life, memoir

Mighty Moments

While I’m working on getting my novel, Whit’s End, published, I’d like to talk about memories. How do we remember certain times in our lives?

I had started out writing a book about my entire life. In the midst of it, I realized that it wasn’t so much an entire life that was memorable, but the smaller moments. You know, pmglps-800x450those moments we don’t really pay much attention to at the time, but when we look back, they’re the most precious times of our lives. So instead, I wrote four creative nonfiction short stories of some times that turned out to be most meaningful and put them in an anthology titled, Home Avenue.

In the story, Don’t Blink, there is a point where I was sitting at a table with my mom and had an enlightening moment. Okay, so we were at a table near St. Mark’s Square in Venice, but we weren’tย on a sight seeing adventure. We just sat there together in a quiet moment. Of all the places I saw and things I experienced on that trip to Italy, the moment at the table with my mom stands out.

homeavecover3In that first story, Don’t Blink, I’m seventeen years old and on a tour-bus-guided trip to Italy with six female members of my family. The title comes from how quick that bus took us from city to city throughout the country. If you blinked, you might miss something. A lot of the memories from that trip all those years ago have faded away, but the heartwarming moments remain . . . as do the scary moments that had me shaking in my shoes.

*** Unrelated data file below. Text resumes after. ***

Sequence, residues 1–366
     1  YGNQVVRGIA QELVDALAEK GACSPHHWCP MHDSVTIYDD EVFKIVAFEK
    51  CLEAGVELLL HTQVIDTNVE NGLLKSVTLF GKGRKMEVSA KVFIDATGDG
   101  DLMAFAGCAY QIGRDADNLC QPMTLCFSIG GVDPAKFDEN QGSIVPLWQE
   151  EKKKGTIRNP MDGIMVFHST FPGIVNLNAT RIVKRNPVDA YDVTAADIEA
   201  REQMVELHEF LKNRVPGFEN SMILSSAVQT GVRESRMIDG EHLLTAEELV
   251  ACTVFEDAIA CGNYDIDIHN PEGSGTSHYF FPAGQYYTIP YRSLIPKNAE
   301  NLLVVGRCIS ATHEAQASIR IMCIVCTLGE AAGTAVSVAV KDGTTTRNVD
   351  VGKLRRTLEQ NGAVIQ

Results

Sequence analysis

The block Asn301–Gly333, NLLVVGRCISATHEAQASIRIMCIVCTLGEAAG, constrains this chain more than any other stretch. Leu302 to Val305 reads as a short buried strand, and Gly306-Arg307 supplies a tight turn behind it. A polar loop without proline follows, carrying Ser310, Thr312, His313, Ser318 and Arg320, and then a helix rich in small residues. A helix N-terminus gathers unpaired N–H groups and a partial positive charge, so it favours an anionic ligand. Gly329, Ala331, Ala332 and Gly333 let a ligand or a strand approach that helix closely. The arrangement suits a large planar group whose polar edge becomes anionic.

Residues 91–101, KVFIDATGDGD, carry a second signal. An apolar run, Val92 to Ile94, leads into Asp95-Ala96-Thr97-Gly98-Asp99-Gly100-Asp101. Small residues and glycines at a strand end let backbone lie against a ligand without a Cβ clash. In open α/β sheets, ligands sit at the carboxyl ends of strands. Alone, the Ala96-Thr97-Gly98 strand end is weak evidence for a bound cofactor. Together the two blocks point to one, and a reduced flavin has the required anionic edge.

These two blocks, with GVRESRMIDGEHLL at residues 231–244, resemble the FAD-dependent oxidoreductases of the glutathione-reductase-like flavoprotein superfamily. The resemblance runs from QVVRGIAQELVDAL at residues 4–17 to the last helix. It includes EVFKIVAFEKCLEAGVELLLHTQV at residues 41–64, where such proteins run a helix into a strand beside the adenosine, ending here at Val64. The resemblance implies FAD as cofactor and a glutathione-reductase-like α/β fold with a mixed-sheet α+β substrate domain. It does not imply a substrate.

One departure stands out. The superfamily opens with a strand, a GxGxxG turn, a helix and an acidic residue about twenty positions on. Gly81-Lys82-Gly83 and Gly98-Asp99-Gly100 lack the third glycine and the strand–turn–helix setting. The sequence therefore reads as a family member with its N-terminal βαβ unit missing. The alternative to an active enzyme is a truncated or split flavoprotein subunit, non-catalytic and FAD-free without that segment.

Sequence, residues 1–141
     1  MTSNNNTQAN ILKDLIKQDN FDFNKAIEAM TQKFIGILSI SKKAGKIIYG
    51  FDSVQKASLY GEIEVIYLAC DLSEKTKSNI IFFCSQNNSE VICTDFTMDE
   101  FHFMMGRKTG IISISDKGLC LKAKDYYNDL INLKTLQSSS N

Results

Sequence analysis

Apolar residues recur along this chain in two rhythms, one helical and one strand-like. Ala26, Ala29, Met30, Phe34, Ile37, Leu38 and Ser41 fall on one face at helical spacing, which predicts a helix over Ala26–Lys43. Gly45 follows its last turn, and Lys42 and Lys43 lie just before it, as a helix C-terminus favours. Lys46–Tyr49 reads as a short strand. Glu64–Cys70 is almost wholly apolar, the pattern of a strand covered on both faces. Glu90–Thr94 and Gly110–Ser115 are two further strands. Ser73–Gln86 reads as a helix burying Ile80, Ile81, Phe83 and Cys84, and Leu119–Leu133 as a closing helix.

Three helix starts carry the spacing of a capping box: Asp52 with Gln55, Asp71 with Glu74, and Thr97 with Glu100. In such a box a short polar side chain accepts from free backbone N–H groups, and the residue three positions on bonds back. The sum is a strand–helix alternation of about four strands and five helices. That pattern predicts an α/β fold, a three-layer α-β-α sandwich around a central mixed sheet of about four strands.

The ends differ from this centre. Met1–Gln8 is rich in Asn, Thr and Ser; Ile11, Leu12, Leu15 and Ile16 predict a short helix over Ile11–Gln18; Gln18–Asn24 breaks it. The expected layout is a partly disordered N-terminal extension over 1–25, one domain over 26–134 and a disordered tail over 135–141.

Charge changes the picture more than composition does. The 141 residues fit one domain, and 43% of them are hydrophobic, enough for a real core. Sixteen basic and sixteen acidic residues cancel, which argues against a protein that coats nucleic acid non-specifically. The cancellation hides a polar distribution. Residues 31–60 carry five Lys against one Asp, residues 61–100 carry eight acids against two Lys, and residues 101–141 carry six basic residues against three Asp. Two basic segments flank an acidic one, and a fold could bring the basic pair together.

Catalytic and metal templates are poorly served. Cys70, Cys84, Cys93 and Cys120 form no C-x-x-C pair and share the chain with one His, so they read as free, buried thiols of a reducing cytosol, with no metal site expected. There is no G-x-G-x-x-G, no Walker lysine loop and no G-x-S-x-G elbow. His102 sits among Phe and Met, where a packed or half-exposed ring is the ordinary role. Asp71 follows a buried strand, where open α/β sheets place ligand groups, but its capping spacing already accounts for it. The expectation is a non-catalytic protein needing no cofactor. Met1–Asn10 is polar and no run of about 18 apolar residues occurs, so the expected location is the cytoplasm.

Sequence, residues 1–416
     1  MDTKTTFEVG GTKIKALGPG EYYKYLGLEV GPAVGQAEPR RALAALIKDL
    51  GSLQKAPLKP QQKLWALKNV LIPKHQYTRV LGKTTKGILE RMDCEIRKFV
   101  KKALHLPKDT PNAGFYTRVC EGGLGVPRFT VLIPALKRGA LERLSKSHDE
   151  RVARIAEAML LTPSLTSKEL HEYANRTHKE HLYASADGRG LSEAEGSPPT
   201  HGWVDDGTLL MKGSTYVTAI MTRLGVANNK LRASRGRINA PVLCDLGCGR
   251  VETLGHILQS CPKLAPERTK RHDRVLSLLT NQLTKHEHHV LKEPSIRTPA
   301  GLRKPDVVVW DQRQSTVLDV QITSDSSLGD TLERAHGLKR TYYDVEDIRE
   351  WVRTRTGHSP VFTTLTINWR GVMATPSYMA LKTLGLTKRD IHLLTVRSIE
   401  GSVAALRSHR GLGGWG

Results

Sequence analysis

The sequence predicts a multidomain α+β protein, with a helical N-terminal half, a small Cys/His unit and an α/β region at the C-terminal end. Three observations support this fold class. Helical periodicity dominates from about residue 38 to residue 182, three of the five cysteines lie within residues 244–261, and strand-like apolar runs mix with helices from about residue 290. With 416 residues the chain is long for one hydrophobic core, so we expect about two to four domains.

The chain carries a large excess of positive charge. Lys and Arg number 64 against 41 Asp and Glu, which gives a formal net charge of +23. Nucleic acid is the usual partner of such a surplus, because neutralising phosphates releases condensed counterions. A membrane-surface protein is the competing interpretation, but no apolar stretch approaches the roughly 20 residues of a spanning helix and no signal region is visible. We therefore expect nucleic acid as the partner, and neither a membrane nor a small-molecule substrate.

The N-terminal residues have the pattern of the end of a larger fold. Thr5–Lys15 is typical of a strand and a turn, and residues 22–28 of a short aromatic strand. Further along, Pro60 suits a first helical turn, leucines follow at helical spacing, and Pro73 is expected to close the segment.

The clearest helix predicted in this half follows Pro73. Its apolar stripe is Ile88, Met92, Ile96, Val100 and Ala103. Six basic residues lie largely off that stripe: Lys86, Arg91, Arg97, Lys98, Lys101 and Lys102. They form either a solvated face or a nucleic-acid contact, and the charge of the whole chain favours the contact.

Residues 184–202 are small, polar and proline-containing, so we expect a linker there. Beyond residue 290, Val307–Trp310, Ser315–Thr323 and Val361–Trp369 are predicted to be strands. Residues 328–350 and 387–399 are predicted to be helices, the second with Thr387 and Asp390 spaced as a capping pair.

Next time I’ll talk about the second story, Hope Lies in Meatballs.

Maybe these stories can trigger memories of those special moments in your lives. Click HERE or on the book cover to check out the memoir. It’s a quick and uplifting read. It’s only .99 cents, and if you read it, please leave a review.

 

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18 thoughts on “Mighty Moments”

  1. Yup, I read these stories and they are charming! And I know I’ve been a bad blogger buddy having promised an interview and just disappeared. I got sick, sort of recovered, went east and visited my family, started editing a big novel (someone else’s), had to get ready for a craft fair, … Enough already!

    I’m still up for the interview if you aren’t too mad at me. ๐Ÿ˜

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    1. Hi Lorna! I’m up for an interview for my memoir any time. I sent you the answers to your questions by email, but I think they also included my Kindle Scout campaign. That campaign is all over and I didn’t get selected for publication. Let me know if you received the answers to your interview questions. Thank you.

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        1. Hi Lorna. Thank you. Let me know so I can post it, too. You’ll have to take out the Kindle Scout references in the interview, but I’d appreciate if you mentioned that I’ll be publishing the novel soon.

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  2. I find moments like that can become the epiphanies that create the very foundation of our future lives…one special moment is sitting in a grubby cafe with my then boyfriend in Dresden watching builders just start the rebuilding of the Maria Kirche with Sinรฉad O’Connor’s ‘Nothing Compares to You’ playing on the radio. That song always sends me right back there…